Last week (February 15-17), my wife, Debbie, and I visited Las Vegas. We weren’t there to gamble or party (not really, anyway) but rather to source products for her eBay business at the OffPrice Show tradeshow. I’ll describe the show in “eBay Elations”, my eBay blog.
Deb and I had a great time, no doubt about it, but I couldn’t help noting some interesting marketing lessons from our friends in Nevada.
One thing I noticed was the increasing prevalence of penny slot machines. If you haven’t been to Vegas lately, you should know that no one actually feeds copper coated coins into these machines. It’s all done with bills; payout (if your luck holds out ) is via “Cash Out” receipts.
That being said, it appeared to me that casino management had read the signs of their market – people who are increasingly on budgets – and scaled down the costs to participate in the fun. I figured that their strategy was that they would make up the difference in other ways – like when penny slot gamblers feel lucky and wander over to the craps table for a quick killing, er, gambling suicide.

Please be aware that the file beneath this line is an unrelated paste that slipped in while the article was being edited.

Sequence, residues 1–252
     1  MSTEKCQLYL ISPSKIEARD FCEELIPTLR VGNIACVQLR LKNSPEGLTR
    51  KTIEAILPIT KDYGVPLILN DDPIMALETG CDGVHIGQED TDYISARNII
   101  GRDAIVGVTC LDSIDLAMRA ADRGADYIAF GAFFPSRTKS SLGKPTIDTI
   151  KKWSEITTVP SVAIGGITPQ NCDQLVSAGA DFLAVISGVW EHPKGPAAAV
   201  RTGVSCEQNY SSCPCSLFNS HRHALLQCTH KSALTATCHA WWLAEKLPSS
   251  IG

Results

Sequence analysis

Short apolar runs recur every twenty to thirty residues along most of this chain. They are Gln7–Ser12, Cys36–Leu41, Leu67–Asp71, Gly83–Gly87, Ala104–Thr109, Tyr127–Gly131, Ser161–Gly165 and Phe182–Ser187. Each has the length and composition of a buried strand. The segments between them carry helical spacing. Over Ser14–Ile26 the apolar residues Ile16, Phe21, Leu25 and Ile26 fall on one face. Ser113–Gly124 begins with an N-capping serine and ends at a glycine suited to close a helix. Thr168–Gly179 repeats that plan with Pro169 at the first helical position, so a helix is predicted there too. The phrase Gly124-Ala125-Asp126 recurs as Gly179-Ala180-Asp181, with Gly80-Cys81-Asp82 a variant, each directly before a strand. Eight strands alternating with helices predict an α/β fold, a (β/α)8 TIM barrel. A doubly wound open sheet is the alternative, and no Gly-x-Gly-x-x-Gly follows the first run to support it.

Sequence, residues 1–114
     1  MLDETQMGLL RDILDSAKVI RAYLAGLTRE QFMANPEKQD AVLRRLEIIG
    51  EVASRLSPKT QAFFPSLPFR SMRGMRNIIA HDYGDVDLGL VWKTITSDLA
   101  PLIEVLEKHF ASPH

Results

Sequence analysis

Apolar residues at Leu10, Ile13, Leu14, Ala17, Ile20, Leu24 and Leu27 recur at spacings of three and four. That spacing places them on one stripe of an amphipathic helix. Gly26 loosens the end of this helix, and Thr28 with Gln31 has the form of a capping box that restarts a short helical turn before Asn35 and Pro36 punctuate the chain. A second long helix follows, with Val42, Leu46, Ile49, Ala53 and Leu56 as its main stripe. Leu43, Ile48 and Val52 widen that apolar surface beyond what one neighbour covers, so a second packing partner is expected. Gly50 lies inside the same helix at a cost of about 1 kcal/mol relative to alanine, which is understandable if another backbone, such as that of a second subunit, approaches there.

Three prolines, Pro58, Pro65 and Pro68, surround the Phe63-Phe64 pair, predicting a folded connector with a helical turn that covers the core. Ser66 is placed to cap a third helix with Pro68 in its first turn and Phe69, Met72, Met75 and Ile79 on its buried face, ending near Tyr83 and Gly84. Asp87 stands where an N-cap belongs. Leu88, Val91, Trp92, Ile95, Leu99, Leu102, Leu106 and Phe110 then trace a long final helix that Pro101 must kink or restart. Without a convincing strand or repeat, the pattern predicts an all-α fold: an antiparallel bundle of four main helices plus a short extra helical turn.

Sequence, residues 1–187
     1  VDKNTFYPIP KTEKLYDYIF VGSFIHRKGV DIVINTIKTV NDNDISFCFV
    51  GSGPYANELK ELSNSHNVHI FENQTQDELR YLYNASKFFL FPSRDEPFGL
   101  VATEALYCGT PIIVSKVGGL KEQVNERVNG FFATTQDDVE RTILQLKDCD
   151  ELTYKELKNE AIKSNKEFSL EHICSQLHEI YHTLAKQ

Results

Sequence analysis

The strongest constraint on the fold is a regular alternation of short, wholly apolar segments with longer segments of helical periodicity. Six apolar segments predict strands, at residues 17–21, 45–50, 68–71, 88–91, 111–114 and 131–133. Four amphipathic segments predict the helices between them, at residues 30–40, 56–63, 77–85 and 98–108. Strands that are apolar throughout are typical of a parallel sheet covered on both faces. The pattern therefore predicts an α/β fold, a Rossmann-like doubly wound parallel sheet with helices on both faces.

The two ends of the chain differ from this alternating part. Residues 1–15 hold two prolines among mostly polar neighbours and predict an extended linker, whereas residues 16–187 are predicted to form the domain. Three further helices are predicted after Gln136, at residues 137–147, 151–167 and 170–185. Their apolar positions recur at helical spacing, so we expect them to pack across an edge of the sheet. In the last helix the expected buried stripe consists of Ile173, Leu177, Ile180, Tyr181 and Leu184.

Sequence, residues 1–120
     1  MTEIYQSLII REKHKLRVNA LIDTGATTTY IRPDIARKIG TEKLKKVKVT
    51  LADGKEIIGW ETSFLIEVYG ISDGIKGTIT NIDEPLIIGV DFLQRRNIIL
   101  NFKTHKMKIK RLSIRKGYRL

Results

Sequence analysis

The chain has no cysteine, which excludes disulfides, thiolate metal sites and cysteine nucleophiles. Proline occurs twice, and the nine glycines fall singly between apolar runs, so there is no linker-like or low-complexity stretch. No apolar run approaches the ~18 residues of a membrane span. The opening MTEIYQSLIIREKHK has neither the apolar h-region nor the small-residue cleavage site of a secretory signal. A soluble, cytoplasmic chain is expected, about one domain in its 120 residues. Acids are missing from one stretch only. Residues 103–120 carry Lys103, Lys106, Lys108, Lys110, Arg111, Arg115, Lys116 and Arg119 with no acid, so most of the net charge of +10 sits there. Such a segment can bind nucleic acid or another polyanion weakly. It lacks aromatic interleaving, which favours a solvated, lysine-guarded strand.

Actually, as my later research turned out, penny slots are actually a wolf in sheep’s clothing. People think they are going to spend a few bucks at the penny slots, but with all of the ways to bet on various lines (i.e., different ways to win on a each “pull” of the slot machine), they bet more than just a penny or two at a time. More like 50 or 300 each time. In other words, $.50 to $3.00 or more! Since they bet so many lines, they get “hits” more often, winning on one of the many lines they bet. It’s fun, but still a losing proposition!
So much for my theory on drawing customers on a budget. However, the pricing lesson is also worth noting: advertise low cost but make it tempting and easy to upgrade.
Chinese New Year Trumps Mardi Gras
It’s no secret to Las Vegas, nor the various Native American Casinos, that Asians love gambling. The attention paid to them is simply Marketing 101: When you want to increase your business, pursue the niche or market segment that pays off the most. In Vegas, it’s clear that is the Asian market. This year, Mardi Gras, February 16, coincided with Chinese New Year. Both are big holidays, but which got the most attention in Sin City?
The Year of the Tiger was commemorated with a giant sculpture in the Venetian Lobby as you’ll see in my photo, not to mention special covers on chairs at the tables, posters in walkways, “Happy Year of the Tiger” bilboards, whole sections of tables devoted to Asian games, paper lanterns at every turn, and a corresponding number of Asian patrons trying their luck. Where did Mardi Gras appear in the scheme of things? Except at the Rio (Brazilian Carnival-themed casino), not many places! I wonder how things differed at casinos in the south?